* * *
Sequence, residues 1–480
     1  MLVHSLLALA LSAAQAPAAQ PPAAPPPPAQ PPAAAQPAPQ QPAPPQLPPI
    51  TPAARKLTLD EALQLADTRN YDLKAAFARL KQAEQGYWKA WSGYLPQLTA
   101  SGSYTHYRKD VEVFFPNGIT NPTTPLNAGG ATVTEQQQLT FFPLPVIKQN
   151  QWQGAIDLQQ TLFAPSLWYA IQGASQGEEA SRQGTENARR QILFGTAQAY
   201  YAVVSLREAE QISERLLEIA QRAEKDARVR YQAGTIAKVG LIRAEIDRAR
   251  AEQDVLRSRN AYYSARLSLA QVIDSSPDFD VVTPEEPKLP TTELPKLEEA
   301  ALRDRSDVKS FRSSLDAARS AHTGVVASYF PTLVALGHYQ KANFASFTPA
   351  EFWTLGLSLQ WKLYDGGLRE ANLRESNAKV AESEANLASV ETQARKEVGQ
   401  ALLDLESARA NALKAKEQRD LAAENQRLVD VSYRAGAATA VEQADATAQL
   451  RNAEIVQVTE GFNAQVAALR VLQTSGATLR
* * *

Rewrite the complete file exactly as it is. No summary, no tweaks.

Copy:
Sequence, residues 1–480
     1  MLVHSLLALA LSAAQAPAAQ PPAAPPPPAQ PPAAAQPAPQ QPAPPQLPPI
    51  TPAARKLTLD EALQLADTRN YDLKAAFARL KQAEQGYWKA WSGYLPQLTA
   101  SGSYTHYRKD VEVFFPNGIT NPTTPLNAGG ATVTEQQQLT FFPLPVIKQN
   151  QWQGAIDLQQ TLFAPSLWYA IQGASQGEEA SRQGTENARR QILFGTAQAY
   201  YAVVSLREAE QISERLLEIA QRAEKDARVR YQAGTIAKVG LIRAEIDRAR
   251  AEQDVLRSRN AYYSARLSLA QVIDSSPDFD VVTPEEPKLP TTELPKLEEA
   301  ALRDRSDVKS FRSSLDAARS AHTGVVASYF PTLVALGHYQ KANFASFTPA
   351  EFWTLGLSLQ WKLYDGGLRE ANLRESNAKV AESEANLASV ETQARKEVGQ
   401  ALLDLESARA NALKAKEQRD LAAENQRLVD VSYRAGAATA VEQADATAQL
   451  RNAEIVQVTE GFNAQVAALR VLQTSGATLR